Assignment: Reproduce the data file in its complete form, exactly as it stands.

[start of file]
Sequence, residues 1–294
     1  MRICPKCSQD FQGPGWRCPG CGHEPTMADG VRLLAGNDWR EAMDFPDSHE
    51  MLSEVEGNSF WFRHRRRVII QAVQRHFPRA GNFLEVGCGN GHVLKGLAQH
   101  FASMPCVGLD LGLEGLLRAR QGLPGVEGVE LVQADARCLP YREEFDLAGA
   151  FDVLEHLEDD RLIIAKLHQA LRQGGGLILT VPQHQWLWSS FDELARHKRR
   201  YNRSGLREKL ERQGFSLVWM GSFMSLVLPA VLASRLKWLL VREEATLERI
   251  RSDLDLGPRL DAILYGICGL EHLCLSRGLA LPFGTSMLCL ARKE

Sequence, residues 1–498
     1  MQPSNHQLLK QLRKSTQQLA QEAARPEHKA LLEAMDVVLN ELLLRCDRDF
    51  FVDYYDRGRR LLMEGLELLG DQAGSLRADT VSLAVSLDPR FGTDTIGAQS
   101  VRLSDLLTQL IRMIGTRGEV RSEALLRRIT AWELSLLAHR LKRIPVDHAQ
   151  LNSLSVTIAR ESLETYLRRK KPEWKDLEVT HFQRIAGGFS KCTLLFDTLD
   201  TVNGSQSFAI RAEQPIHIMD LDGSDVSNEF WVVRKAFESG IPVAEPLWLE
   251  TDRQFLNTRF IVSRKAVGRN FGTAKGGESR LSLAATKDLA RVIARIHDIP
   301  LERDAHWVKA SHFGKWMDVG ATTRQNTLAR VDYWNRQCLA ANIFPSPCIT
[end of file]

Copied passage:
Sequence, residues 1–294
     1  MRICPKCSQD FQGPGWRCPG CGHEPTMADG VRLLAGNDWR EAMDFPDSHE
    51  MLSEVEGNSF WFRHRRRVII QAVQRHFPRA GNFLEVGCGN GHVLKGLAQH
   101  FASMPCVGLD LGLEGLLRAR QGLPGVEGVE LVQADARCLP YREEFDLAGA
   151  FDVLEHLEDD RLIIAKLHQA LRQGGGLILT VPQHQWLWSS FDELARHKRR
   201  YNRSGLREKL ERQGFSLVWM GSFMSLVLPA VLASRLKWLL VREEATLERI
   251  RSDLDLGPRL DAILYGICGL EHLCLSRGLA LPFGTSMLCL ARKE

Sequence, residues 1–498
     1  MQPSNHQLLK QLRKSTQQLA QEAARPEHKA LLEAMDVVLN ELLLRCDRDF
    51  FVDYYDRGRR LLMEGLELLG DQAGSLRADT VSLAVSLDPR FGTDTIGAQS
   101  VRLSDLLTQL IRMIGTRGEV RSEALLRRIT AWELSLLAHR LKRIPVDHAQ
   151  LNSLSVTIAR ESLETYLRRK KPEWKDLEVT HFQRIAGGFS KCTLLFDTLD
   201  TVNGSQSFAI RAEQPIHIMD LDGSDVSNEF WVVRKAFESG IPVAEPLWLE
   251  TDRQFLNTRF IVSRKAVGRN FGTAKGGESR LSLAATKDLA RVIARIHDIP
   301  LERDAHWVKA SHFGKWMDVG ATTRQNTLAR VDYWNRQCLA ANIFPSPCIT